Ford Mustang Mach-E vs Tesla Model 3: running costs and warranty
Both electric cars are cheap to tax and won’t cost much to charge at home
You’ll really benefit from using an electric car as a company car, because in 2021/22 Benefit-in-Kind tax is levied at just 1% on zero-emissions models like the Mustang Mach-E and Tesla Model 3. In 2022/23 this rises to 2%, but it’s still a massive saving compared to a petrol or diesel car.
Private buyers can save a huge amount on fuel, too. On an average home electricity rate of 16.3p per kWh, a full charge costs £12.20 for the Ford and £8.15 for the Tesla. That’s about £559 or £575 per year respectively if you do 12,000 miles.
At the time we tested them, the Tesla was around £90 per month more expensive to buy on a PCP finance deal, or a total of £3,140, which isn’t to be sniffed at – it makes a big difference because the cars are so well matched in most other ways. The Tesla is more expensive to buy outright as well.
Still, the Model 3’s residual values are strong, at 57% after 36,000 miles or three years (it’s 54% for the Ford, according to our experts). We returned better efficiency from the Ford, which pointed to a better real-world range, although the Tesla Supercharger network being better than most normal public chargers works in the Model 3’s favour here and makes long trips far easier.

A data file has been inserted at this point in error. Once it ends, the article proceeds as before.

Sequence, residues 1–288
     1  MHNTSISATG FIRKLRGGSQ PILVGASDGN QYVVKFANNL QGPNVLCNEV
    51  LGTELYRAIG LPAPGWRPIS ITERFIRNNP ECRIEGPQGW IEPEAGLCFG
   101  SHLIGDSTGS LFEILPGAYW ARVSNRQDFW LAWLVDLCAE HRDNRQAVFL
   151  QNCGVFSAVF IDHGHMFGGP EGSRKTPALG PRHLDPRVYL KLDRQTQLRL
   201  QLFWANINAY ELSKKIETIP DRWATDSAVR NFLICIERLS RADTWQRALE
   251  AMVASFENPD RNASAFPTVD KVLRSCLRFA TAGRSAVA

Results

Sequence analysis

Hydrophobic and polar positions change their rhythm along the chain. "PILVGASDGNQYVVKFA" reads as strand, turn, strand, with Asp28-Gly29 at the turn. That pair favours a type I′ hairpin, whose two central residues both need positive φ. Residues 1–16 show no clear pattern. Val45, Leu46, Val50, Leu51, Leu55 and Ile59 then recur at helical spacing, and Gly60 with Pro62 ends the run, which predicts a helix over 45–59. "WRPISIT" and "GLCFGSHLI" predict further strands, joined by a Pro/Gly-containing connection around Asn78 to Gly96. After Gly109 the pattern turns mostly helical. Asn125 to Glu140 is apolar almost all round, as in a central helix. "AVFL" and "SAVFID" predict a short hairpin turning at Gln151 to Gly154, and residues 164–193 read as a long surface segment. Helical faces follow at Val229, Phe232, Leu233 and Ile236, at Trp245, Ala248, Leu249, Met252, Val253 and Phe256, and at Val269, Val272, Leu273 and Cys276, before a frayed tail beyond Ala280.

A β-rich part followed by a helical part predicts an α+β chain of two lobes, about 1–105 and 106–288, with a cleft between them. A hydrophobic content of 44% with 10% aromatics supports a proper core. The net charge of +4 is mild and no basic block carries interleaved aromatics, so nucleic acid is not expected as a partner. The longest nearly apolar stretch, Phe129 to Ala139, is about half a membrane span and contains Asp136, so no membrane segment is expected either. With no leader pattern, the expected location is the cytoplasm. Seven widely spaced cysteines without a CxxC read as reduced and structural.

In This Review
- 1IntroFord’s first modern electric car, the Mustang Mach-E, takes on the Tesla Model 3 in our comprehensive twin test
- 2Range & chargingDespite different battery sizes, these models have similar range and charging figures
- 3Performance & handlingThe Tesla is quick in a straight line, but the Ford is more fun in corners
- 4Space & practicalityBoth cars use platforms designed for electric power only, which boosts cabin space
- 5Interior & infotainmentThe Tesla looks more modern, but the Ford has stronger build quality
- 6Running costs & warranty - currently readingBoth electric cars are cheap to tax and won’t cost much to charge at home
- 7Safety & reliabilityIt’s hard to predict reliability of these new models, but we think electric cars will be more reliable overall than combustion-engined models
- 8Verdict & specificationsThese electric family cars are both excellent, but key factors like price and ride quality put the Ford ahead